WTM – I read that the compilation started with about 40 tracks selected by you and then you had to whittle it down, how does that process work?

“It was made easier by what we could actually license. Some decisions were made based on selection and trying to make it a little more diverse. At times you have to tread the line between being creative and putting together a marketable product. Hopefully we managed to fill both shoes.”

Artwork for the forthcoming compilation has been selected from historical archives.

WTM – the selection is fantastic and displays a broad range of music that makes it such an interesting compilation. It’s not easily pigeonholed. It’s not all rare either. I was surprised to see Slippery People on there.

“Staple Singers! This is something that has been in my record bag a long time, I don’t always play it, you need to find the perfect time, it feels to me that energy is of the track is hotter than what the tempo may suggest. I am a huge David Byrne fan so was great to include a nod to him on the release. I’m very happy with the final selection, the tracklist was decided late last year with the exception of one late change. I have found a number of things this year that would have been great to include, more great tunes will continue to pop up so who knows, maybe volume two some day.”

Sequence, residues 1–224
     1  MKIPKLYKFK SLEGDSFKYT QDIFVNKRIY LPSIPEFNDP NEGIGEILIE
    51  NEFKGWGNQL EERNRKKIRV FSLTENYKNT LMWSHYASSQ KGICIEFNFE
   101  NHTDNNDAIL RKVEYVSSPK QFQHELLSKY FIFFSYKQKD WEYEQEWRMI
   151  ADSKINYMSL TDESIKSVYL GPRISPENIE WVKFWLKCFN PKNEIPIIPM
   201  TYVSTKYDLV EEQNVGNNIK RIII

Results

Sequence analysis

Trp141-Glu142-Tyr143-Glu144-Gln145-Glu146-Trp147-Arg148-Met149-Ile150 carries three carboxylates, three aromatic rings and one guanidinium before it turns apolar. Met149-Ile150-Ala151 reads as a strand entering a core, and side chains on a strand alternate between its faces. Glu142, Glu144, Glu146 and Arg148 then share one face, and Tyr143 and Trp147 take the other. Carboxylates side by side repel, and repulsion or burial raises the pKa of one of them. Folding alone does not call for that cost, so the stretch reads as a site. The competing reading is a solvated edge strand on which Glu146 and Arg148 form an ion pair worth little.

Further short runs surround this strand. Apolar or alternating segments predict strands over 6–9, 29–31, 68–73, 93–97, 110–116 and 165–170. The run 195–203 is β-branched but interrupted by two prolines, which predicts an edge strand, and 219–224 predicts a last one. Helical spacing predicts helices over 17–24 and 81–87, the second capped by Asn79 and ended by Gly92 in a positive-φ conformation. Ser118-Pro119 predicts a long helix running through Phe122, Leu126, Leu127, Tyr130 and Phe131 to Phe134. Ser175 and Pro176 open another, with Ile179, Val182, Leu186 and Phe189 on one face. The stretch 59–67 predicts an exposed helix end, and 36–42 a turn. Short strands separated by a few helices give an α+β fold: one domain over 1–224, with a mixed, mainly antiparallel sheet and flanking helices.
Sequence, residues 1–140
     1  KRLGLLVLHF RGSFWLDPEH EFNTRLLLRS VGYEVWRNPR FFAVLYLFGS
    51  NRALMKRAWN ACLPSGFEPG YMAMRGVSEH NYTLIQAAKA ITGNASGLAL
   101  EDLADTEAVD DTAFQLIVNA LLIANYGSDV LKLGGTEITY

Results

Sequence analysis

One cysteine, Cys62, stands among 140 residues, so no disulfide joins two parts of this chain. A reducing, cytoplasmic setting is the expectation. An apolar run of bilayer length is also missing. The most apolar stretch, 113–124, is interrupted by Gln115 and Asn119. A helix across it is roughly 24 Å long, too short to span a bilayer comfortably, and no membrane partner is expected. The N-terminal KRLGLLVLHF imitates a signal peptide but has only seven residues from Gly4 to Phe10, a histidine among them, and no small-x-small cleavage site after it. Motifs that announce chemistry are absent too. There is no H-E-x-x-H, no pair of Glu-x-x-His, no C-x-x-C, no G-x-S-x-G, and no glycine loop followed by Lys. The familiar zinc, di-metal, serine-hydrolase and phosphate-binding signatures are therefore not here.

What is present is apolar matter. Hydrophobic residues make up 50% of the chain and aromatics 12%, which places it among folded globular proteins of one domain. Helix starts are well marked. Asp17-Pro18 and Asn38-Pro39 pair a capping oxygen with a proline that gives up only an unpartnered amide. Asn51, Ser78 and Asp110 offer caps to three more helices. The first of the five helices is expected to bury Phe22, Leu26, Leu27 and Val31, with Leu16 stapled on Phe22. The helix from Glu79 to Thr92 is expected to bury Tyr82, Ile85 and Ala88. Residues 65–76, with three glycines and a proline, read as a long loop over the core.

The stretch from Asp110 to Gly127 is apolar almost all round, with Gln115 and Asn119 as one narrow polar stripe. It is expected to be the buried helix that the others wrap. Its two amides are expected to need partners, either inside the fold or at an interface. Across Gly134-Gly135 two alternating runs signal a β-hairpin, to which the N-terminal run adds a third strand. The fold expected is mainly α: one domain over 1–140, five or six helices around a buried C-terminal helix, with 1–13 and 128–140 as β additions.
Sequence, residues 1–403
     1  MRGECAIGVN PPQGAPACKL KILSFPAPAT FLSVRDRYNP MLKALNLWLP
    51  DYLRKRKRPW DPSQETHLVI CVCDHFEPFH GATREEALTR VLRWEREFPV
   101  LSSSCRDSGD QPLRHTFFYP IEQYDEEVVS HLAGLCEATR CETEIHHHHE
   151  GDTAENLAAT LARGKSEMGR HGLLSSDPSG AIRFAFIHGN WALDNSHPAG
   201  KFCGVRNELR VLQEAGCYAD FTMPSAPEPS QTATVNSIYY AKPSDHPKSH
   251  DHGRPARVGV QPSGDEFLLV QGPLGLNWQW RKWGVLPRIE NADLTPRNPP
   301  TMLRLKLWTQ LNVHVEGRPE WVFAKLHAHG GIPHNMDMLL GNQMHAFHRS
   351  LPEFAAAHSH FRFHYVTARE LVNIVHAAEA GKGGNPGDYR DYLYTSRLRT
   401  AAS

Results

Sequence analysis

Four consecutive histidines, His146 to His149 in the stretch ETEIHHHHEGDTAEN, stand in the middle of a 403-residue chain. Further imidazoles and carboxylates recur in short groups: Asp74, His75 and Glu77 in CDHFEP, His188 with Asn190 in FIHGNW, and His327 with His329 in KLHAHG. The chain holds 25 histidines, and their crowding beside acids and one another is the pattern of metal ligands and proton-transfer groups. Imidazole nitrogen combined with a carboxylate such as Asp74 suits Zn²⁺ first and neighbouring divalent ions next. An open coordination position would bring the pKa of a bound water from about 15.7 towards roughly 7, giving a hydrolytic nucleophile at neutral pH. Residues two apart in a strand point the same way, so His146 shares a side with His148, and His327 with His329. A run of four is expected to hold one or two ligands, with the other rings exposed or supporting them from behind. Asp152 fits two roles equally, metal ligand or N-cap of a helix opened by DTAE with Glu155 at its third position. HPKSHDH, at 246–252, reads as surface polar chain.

WTM – You mention the issue of licensing. Did you have contact with the artists? What was that like?

“Simon Purnell did all the licensing, I had been in touch with one or two previously and spoken via email or over the phone. I have found a bunch of artists in the past and it’s great reaching out to them. Many have moved on from music, but it’s still in their blood and most have fond memories of recording and releasing music, there are cases where the piqued interest actually gets their musical juices flowing again and revitalises them. I sent Keith Hutchinson a video of Orpheu playing Hay Hay off the Focus EP at Dekmantal 2016 and his reaction was priceless, that alone made the all the hard work worthwhile.”